R. Schlichtig

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Increased intestinal mucosal PCO2 is used to detect the condition of inadequate O2 delivery, i.e., "dysoxia." However, mucosal PCO2 (PmCO2) can arise from oxidative phosphorylation, in which case it would detect metabolism that persists as blood stagnates, and/or from HCO3- neutralization by anaerobically produced metabolic acid, in which event it could(More)
OBJECTIVES Renal and respiratory acid-base regulation systems interact with each other, one compensating (partially) for a primary defect of the other. Most investigators striving to typify compensations for abnormal acid-base balance have reported their findings in terms of arterial pH, PaCO2, and/or HCO3-. However, pH and HCO3- are both altered by both(More)
Si1 ce the time of Mackim and Macklin’s’ early investigation of malignant interstitial emphysema in spontaneously breathing patients, the setting in which barotrauma occurs has changed. With the advent of mechanical ventilation in respiratory support, barotrauma has become a well recognized and feared complication. Barotrauma as an immediate cause of death(More)
Hepatic O2 consumption (VO2) remains relatively constant (O2 supply independent) as O2 delivery (DO2) progressively decreases, until a critical DO2 (DO2c) is reached below which hepatic VO2 also decreases (O2 supply dependence). Whether this decrease in VO2 represents an adaptive reduction in O2 demand or a manifestation of tissue dysoxia, i.e., O2 supply(More)
O2 consumption (VO2) of anesthetized whole mammals is independent of O2 delivery (DO2) until DO2 declines to a critical value (DO2c). Below this value, VO2 becomes O2 supply dependent. We assessed the influence of whole body DO2 redistribution among organs with respect to the commencement of O2 supply dependency. We measured DO2, VO2, and DO2c of whole(More)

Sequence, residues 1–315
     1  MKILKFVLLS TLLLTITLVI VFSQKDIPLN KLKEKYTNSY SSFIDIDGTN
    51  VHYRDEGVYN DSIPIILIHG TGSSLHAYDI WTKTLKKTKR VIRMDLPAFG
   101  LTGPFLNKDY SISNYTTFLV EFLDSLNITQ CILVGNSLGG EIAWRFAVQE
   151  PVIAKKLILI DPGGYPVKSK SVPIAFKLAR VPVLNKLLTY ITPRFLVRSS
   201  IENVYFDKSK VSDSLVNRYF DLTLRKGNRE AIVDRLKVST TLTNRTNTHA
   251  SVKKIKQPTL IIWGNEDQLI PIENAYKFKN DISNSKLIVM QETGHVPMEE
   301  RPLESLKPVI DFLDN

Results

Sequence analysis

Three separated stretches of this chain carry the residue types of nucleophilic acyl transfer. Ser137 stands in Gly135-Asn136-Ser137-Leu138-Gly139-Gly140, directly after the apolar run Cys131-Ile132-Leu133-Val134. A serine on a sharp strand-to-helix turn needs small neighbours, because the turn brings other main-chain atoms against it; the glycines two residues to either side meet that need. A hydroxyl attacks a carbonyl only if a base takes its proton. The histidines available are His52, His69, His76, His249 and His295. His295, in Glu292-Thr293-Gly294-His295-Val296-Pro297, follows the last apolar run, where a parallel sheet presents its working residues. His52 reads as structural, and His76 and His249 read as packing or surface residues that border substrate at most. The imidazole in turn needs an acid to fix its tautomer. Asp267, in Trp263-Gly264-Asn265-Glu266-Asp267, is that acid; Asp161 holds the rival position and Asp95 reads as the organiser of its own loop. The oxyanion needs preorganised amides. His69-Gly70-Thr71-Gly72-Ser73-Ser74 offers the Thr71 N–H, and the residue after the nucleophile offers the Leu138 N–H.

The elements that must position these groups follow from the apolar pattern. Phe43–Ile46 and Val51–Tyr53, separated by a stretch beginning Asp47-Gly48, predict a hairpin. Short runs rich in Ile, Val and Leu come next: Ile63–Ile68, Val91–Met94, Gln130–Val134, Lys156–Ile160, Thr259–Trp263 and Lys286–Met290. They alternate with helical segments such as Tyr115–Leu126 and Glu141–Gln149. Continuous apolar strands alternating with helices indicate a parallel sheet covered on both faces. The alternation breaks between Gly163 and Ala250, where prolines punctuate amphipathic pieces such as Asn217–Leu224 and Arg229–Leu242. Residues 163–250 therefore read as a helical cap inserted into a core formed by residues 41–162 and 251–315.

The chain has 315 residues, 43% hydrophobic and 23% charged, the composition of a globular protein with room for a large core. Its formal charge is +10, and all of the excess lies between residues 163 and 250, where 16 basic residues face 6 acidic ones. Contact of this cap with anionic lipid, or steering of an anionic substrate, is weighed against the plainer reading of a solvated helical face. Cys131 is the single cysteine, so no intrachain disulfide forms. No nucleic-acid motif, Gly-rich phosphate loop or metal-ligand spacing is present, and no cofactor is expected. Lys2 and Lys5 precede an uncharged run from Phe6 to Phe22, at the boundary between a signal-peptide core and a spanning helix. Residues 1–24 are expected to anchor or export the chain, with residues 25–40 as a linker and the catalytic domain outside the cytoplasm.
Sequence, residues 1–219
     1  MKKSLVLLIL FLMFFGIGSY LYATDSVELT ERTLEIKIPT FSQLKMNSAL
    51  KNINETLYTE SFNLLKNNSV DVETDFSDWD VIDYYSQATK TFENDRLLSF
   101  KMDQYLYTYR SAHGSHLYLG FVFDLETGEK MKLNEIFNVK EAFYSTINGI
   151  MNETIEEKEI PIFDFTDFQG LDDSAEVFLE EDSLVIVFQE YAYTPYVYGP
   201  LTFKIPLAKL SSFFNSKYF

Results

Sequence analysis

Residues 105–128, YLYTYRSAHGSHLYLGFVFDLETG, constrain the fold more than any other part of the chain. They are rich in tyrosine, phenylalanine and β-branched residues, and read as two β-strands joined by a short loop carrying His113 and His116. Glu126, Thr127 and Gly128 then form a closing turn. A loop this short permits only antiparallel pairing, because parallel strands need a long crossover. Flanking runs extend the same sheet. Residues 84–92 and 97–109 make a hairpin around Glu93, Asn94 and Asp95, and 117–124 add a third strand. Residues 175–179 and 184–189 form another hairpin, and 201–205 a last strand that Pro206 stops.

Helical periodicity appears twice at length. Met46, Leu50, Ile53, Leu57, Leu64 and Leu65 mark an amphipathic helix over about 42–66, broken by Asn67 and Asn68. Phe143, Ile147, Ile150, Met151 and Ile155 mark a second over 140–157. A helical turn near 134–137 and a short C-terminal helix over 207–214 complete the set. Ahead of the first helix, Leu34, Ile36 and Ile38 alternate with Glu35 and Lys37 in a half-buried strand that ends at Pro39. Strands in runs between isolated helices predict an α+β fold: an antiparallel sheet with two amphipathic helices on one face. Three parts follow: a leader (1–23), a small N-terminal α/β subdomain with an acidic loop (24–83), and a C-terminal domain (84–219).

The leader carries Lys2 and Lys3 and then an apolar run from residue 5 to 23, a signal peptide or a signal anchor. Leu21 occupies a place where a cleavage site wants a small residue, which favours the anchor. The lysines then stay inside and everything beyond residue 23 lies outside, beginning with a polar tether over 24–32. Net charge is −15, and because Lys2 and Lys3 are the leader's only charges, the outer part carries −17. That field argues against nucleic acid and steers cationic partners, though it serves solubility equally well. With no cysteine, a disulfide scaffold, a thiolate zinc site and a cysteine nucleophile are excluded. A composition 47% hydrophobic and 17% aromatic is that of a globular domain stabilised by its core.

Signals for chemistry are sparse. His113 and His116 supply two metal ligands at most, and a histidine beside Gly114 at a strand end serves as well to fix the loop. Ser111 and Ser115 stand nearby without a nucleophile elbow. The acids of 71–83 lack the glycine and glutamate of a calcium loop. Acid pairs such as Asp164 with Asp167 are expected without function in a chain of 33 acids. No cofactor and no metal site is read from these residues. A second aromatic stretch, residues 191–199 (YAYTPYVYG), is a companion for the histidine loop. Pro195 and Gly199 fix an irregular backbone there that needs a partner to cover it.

A 64-year-old man with severe COPD developed refractory nonperfusing sinus rhythm after intubation and positive-pressure ventilation. Fifteen minutes after resuscitative efforts were halted, the patient was noted to have spontaneous respirations and blood pressure, suggesting that dynamic hyperinflation was responsible for the observed electromechanical(More)
Gastric intramucosal pH (pHi) is often calculated by the Henderson-Hasselbalch equation, using arterial plasma [HCO3-]ap and PCO2 measured in saline obtained from a silastic balloon tonometer after equilibration in the lumen of the stomach. A pHi value less than approximately 7.3 pH units is often taken as evidence of intestinal ischemia. An alternative(More)
Blood [base excess] ([BE]) is defined as the change in [strong acid] or [strong base] needed to restore pH to normal at normal PCO2. Some believe that [BE] is unhelpful because [BE] may be elevated with a "normal" [strong ion difference] ([SID]), where a strong ion is one that is always dissociated in physiological solution, and where [SID] = [strong(More)
The potential to be successfully resuscitation from severe traumatic hemorrhagic shock is not only limited by the "golden 1 hr", but also by the "brass (or platinum) 10 mins" for combat casualties and civilian trauma victims with traumatic exsanguination. One research challenge is to determine how best to prevent cardiac arrest during severe hemorrhage,(More)
Both the period of total circulatory arrest to the brain and postischemic-anoxic encephalopathy (cerebral postresuscitation syndrome or disease), after normothermic cardiac arrests of between 5 and 20 mins (no-flow), contribute to complex physiologic and chemical derangements. The best documented derangements include the delayed protracted inhomogeneous(More)